Mixed reactions to new law seeking to back surrogacy

Friday November 18 2022
surrogate mother

The surrogate mother gives up all parental rights, but this has been subject to moral and legal challenges.

By Ange Iliza

One night in September four years ago, pregnant Clementine (not her real name) felt uneasy in the middle of the night. Pain that felt like intense cramps kept bordering her until she woke her husband. As the pain intensified, she started bleeding. The fear of losing her child to miscarriage after two years of trying to get one was mortifying.

That night, Clementine lost her baby. She has never been able to get pregnant again. She has been told by multiple doctors that her chances of getting pregnant get lower as time passes.

Clementine’s pain is shared by many couples in Rwanda. Available data by Rwanda Biomedical Center suggest that 24 percent of patients who consult the genetic department every year struggle with primary infertility caused by chromosomal abnormalities.  Women are more affected than men.

These couples’ last resort to have children is adoption, at least until a law that allows medically assisted reproductive methods, such as surrogacy, is passed.

A Bill has been tabled by a group of deputies headed by MP Gamaliel Mbonimpa in the Lower Chamber, which proposes several reforms to the Law on Human Reproductive  Health including legalising surrogacy. According to Mbonimpa, it could take at least a year for the Bill to pass due to controversies it has attracted.

Current law allows assistance in production between a man and a woman but does not provide details on the procedure. Lawyers say loopholes in the law make the procedure risky.


Rights to medically assisted reproductive methods came to the fore in 2020 after a case of a desperate couple took it to court after their doctor refused to run the procedure without legal permission.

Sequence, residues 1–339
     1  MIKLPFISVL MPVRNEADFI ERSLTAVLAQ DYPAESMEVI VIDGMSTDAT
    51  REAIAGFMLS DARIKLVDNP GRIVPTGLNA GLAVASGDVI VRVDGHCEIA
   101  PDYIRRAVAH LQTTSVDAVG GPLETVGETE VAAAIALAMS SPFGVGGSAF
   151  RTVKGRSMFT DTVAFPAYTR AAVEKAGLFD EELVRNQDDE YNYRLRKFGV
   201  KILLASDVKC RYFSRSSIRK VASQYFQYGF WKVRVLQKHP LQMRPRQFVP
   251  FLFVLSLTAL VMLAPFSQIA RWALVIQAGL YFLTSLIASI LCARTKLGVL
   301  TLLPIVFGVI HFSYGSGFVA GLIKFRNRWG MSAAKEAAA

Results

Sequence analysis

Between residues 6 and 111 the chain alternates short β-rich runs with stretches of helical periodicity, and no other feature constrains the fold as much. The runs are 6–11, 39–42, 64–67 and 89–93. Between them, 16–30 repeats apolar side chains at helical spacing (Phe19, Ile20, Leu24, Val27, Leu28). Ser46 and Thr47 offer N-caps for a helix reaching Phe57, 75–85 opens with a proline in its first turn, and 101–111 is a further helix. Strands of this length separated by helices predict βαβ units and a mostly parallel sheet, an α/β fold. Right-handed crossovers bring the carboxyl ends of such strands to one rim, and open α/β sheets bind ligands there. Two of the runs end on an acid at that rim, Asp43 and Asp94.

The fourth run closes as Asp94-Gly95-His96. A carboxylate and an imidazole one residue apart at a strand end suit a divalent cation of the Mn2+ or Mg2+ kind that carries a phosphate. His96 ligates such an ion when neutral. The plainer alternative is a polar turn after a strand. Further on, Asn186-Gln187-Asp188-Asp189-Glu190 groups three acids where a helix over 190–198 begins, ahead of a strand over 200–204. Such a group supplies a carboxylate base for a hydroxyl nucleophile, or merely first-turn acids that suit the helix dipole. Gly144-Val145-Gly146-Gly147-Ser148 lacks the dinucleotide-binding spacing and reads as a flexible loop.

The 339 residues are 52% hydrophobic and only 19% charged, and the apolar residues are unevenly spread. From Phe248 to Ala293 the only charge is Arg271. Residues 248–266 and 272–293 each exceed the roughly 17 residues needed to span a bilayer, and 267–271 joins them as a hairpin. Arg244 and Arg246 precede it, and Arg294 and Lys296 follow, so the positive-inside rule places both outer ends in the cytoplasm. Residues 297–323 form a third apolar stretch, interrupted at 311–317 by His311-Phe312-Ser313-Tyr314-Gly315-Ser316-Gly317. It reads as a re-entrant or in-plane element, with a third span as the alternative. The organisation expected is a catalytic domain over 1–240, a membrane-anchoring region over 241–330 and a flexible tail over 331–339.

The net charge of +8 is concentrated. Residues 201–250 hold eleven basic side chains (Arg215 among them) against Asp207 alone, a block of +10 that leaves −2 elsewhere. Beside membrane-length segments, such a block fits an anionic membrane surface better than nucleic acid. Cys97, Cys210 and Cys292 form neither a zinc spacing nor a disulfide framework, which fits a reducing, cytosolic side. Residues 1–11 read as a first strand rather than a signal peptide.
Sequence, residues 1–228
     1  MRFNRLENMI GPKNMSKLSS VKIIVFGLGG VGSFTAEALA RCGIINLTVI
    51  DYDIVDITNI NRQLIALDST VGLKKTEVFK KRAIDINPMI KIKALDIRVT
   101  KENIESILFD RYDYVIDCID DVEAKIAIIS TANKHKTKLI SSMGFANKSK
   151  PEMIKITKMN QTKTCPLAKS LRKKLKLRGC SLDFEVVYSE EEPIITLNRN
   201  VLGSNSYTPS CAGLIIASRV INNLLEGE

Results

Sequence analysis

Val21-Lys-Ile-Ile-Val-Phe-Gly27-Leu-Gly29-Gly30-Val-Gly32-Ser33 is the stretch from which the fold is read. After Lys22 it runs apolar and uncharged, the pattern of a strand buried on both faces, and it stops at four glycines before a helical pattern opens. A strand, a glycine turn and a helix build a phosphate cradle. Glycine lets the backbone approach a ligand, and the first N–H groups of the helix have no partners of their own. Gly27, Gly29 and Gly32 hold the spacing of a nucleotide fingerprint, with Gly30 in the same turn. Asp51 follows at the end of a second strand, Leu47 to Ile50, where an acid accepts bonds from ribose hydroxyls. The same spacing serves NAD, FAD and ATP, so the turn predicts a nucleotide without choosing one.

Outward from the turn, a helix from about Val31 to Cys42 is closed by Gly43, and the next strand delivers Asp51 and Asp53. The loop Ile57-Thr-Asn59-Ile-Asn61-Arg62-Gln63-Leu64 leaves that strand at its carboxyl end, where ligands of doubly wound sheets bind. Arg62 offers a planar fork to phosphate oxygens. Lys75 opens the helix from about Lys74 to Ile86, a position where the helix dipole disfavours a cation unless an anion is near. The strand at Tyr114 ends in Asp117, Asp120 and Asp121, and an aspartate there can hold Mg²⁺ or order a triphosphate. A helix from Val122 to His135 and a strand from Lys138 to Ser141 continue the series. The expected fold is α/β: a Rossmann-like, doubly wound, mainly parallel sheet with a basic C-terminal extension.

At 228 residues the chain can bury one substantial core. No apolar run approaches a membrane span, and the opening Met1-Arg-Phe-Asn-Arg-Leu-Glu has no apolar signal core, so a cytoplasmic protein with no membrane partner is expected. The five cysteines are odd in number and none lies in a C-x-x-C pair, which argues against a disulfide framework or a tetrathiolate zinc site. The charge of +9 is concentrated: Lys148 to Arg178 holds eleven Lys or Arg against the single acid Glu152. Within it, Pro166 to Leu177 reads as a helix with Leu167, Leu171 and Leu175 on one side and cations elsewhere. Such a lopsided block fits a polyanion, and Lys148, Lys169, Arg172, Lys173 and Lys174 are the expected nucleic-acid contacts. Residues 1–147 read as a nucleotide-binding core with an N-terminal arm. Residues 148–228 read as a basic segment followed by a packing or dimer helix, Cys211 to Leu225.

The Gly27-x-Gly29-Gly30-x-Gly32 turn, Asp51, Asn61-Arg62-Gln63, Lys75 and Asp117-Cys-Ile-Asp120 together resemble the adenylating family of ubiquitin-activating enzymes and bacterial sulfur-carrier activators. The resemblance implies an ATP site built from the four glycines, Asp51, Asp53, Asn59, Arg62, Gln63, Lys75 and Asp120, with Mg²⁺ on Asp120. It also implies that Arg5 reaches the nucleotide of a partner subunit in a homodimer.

A primary court judge ruled against their petition that the law provides that assisted reproduction occurs between a man and a woman while the petitioners were seeking reproduction between two families which is out of the law.

The couple had been unable to have a child for over 10 years until a family member agreed to surrogacy. The couple appealed the decision to the intermediate court.

The Presiding Judge of Kicukiro Intermediate Court, Adolphe Udahemuka, granted surrogacy based on the fact that surrogacy is included in medically assisted reproduction by the World Health Organisation and Rwandan law clearly allows such technological means to be used.

While the ruling was good news to the couple, Odette Uwineza, Lecturer of Family Law at the School of Law, University of Rwanda, argues that opting for surrogacy based on the current law is a risky decision that could backfire in the future due to gaps in the law as it doesn't address what happened after the child is born. 

“Does the child have the right to know the surrogate mother? These are all the loopholes that could cause conflicts in the future,” Uwineza said.

While the currently proposed law reforms concern Law no 21/2016 of 20/05/2016 on Human Reproductive Health, legalizing medically assisted reproductive methods could mean more law reforms.